Mrs Mac

This afternoon, my high school English teacher, Shirley McCoombe, passed away after a battle with cancer.

It has been many years since I saw her, and yet her passing leaves me at a loss. She was one of the great influences on my life, and I have no doubt that without the great Mrs Mac in my teenage years, there would be no Blue Dragon today.

I was born and grew up in Sydney Australia, but just before my 12th birthday my whole family left the city to start a new life in a fairly remote part of the country. We bought a block of land 30km from the town of Bundarra, population 400, and started a farm from nothing.

Life was difficult. At first we had no house, or electricity, or running water; we had to build everything ourselves, and as we did so we lived in caravans. We never went hungry, but we were poor and had no luxuries in life other than the joy of being in the countryside, which wasn’t always a joy.

School was the only place I ever went other than a weekly shopping trip to a larger town during school holidays. It was a small school – there were just 13 of us in my grade – and coming from the city, where life had been very different, I found it hard to ever fit in.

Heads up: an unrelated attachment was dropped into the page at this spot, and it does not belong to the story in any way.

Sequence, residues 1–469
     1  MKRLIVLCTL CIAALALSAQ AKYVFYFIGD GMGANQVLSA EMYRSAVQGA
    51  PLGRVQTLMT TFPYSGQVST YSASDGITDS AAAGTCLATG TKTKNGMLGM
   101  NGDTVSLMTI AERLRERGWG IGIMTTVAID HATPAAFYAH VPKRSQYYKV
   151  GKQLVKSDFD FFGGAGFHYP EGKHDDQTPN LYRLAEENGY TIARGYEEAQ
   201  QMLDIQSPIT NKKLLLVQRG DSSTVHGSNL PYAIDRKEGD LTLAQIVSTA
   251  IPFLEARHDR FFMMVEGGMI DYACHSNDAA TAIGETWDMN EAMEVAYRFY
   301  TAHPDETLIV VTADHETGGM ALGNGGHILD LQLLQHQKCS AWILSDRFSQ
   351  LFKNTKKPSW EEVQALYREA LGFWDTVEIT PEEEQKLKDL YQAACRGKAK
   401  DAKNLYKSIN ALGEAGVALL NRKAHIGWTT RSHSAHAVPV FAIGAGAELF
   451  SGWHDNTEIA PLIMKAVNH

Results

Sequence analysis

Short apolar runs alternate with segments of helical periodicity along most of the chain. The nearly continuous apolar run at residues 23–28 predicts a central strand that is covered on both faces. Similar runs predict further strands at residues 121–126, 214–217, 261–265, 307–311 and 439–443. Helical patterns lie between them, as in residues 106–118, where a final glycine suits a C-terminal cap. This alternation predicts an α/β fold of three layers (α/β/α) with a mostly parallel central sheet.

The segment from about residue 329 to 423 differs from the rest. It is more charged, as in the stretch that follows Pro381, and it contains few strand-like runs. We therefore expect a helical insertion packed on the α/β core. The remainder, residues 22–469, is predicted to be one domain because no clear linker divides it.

Mrs Mac and her English classes were always the highlight of the day. I found escape in the literature we read and became an avid story writer, able to create worlds from my imagination. In English class, I felt safe; I could express myself and push my limits, knowing that Mrs Mac would never condemn or be disappointed.

I was not an easy kid to teach, and most of my teachers had a justifiably low opinion of me. But Mrs Mac found the good in in me and knew how to drew it out; she saw me not just for what I was, but for who I could be.

With Mrs Mac, I could try new things and know that someone had my back. We even started a school newspaper, the Bundarra Bugle, and Mrs Mac would spend hours at night typing up our stories and printing them out – this was in the 1980s, when IT was still pretty basic.

Mrs Mac is the sole reason I became an English teacher myself. I wanted to be for others what Mrs Mac had been for me. Working in a large high school in Sydney for just 4 years, I never really achieved that; but in moving to Vietnam and starting Blue Dragon, I finally realised my dream.

Now I work with street kids and young people who have been trafficked and enslaved – teens who have had a vastly harder start to life than I ever did. And just like I once had someone who believed in me, I can now believe in them.

This is a transformative power. Every day I see young people coming through the doors of our centre who have been abandoned, abused, and exploited. They’ve been taught that they are unworthy, that they’ll never amount to anything.

A lot of work goes into changing that belief, but there’s one thing that’s absolutely critical. The kids need someone who believes in them – they need a Mrs Mac in their life. Hundreds of times over, I have seen how powerful this is.

I’m incredibly privileged to play that role in the life of some young people here in Vietnam. But changing lives doesn’t have to mean getting on a plane and travelling across the world; where ever we are, we have that same opportunity to draw the best out of others.